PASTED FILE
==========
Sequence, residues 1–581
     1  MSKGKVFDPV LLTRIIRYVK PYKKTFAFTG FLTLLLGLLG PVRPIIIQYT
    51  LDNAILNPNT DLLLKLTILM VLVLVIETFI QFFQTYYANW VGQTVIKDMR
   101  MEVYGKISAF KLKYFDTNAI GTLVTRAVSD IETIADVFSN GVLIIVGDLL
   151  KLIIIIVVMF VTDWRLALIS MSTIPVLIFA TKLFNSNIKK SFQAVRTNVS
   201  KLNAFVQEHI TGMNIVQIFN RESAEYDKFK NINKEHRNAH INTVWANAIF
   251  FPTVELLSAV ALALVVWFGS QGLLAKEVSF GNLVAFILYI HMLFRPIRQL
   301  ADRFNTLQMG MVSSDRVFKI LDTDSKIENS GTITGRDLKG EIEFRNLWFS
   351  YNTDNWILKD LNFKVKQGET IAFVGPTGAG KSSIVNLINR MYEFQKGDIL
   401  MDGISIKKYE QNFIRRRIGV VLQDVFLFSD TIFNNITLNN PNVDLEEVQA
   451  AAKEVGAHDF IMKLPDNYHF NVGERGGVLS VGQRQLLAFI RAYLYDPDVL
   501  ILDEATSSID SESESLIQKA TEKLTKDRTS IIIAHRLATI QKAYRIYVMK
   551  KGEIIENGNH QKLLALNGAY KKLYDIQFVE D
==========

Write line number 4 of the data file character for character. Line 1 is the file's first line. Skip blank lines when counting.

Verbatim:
   101  MEVYGKISAF KLKYFDTNAI GTLVTRAVSD IETIADVFSN GVLIIVGDLL